West Germany to Decide Whether It Should Modify Its Arms Sales Policy
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West Germany to Decide Whether It Should Modify Its Arms Sales Policy

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Experts of the ruling Social Democratic Party (SPD) and its junior coalition partner, the Free, Democrats, will hold a special meeting next week to decide whether to support any deviation from West Germany’s long-standing policy of not selling weapons to countries in “areas of tension.”

The government, and Chancellor Helmut Schmidt, have been pressing in recent months for a relaxation of that rule in the case of Saudi Arabia. While members of both coalition parties concede that the government alone is in charge of arms exports, they demand a voice in the special consultative body on the subject.

The debate has been prompted by the pending arms deal with the Saudis who are interested in buying the recently updated model of Germanys Leopard II tank and scores of other weapons systems. The Saudi government has been negotiating for the past two years with arms manufacturers in West Germany. Agreements have been reached with two producers involving the Leopard tanks. All that is required to consummate a deal is political approval.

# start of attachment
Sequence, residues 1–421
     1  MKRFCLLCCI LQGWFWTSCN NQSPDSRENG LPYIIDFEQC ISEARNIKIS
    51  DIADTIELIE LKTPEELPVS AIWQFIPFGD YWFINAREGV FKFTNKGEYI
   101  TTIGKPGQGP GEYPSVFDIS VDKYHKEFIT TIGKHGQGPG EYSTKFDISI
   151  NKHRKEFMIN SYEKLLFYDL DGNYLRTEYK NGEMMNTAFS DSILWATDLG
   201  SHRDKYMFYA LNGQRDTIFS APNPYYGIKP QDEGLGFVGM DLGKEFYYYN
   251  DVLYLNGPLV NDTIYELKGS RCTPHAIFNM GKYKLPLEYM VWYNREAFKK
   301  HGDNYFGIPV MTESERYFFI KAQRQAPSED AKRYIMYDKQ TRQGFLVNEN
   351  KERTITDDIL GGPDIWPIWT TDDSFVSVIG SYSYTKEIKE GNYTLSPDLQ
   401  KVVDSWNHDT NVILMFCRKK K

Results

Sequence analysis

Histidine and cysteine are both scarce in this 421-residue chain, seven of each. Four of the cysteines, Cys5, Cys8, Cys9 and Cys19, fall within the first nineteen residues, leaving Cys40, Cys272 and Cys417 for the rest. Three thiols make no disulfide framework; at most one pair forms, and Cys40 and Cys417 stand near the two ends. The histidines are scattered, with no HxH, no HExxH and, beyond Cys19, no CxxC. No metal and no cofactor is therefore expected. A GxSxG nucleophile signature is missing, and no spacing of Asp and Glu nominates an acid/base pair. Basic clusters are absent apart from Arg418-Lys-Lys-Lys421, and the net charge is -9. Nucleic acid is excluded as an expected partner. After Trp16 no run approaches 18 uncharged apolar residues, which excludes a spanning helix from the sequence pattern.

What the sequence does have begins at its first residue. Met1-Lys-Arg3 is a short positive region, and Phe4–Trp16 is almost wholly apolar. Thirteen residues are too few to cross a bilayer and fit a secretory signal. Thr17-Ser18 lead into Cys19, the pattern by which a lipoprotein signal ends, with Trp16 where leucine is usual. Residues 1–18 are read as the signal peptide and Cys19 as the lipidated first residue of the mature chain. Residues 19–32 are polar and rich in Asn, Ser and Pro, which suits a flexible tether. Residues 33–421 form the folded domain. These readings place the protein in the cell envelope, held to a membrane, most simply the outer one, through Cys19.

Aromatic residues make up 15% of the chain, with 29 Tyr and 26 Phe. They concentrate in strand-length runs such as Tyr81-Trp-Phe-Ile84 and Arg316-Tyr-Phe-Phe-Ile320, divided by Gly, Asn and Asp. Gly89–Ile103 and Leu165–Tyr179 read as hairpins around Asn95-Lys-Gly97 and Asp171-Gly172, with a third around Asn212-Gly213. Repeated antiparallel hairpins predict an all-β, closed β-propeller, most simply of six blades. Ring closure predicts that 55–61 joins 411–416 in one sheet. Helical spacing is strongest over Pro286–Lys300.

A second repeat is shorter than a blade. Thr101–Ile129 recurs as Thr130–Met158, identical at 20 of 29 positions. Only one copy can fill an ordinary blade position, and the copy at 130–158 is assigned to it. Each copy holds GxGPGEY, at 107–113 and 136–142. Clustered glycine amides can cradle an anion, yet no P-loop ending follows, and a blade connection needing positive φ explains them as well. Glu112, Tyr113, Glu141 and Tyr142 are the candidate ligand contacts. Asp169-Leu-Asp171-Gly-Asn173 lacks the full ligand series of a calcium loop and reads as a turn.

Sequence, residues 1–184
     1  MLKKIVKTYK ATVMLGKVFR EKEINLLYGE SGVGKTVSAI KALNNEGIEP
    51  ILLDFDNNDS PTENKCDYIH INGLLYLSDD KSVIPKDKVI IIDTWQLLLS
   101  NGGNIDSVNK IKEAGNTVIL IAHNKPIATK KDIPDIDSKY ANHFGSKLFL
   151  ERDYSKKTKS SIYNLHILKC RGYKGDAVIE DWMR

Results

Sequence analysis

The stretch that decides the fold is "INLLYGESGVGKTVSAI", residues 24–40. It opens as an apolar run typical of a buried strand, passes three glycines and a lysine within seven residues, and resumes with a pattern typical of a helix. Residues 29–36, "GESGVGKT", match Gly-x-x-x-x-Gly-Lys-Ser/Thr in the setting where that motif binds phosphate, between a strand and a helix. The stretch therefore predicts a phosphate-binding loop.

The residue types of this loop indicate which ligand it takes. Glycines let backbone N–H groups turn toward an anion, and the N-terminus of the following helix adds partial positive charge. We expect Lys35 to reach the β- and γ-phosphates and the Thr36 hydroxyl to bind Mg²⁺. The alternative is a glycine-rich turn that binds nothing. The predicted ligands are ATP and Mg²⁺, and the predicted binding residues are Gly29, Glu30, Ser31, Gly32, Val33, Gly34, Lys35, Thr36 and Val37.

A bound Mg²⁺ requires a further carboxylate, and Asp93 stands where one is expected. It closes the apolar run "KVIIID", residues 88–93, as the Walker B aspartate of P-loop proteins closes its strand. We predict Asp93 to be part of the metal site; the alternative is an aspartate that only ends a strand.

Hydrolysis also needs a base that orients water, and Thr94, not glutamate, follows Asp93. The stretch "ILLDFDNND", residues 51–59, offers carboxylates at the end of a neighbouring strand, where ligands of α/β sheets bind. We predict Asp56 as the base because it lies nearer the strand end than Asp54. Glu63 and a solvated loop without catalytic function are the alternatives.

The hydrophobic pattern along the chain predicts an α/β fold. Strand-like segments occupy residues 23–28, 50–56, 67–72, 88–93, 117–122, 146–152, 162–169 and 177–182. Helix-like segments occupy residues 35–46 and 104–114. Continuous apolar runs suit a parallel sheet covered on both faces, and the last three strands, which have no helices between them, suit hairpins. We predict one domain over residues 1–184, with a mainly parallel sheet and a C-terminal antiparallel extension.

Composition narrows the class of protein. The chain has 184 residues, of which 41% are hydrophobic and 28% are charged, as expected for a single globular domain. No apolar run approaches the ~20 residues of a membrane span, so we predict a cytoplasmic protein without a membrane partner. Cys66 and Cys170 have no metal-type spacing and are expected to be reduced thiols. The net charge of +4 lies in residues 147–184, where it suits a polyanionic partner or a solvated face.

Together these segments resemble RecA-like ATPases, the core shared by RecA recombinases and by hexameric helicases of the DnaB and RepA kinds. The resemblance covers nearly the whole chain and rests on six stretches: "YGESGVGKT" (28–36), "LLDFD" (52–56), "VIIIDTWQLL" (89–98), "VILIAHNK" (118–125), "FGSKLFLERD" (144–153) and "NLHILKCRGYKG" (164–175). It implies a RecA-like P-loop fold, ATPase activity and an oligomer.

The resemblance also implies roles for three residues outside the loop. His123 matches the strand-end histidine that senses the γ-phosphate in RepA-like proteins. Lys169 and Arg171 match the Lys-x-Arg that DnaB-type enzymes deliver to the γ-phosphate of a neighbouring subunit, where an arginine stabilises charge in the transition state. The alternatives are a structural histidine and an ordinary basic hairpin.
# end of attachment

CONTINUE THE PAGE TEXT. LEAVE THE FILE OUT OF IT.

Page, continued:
Schmidt is said to be campaigning within his own party for a modification of the arms sales rules. But with the coalition in trouble on both domestic and foreign policy fronts, he is not likely to provoke a quarrel with opponents of arms sales to the Saudis.

Meanwhile, Hans-Juergen Wischnewski, one of the architect’s of Bonn’s pro-Arab policies, has accused Premier Menachem Begin of disturbing efforts to improve West German-Israeli relations. Wischnewski, an aide to the Chancellor, was referring to Begin’s attack on Schmidt last week for having allegedly told a Paris periodical that he would not visit Israel unless Begin apologized for his personal attack last June.

Begin exhorted Schmidt to “get down on his knees and beg forgiveness” of the Jewish people for Nazi crimes against them and vowed he would never apologize. Wischnewski said Begin’s latest attack on Schmidt was based on a false newspaper report. Government sources said Schmidt did not consider a trip to Israel to be consistent with his Middle East policies. He was first invited there in 1975 and again in 1977.

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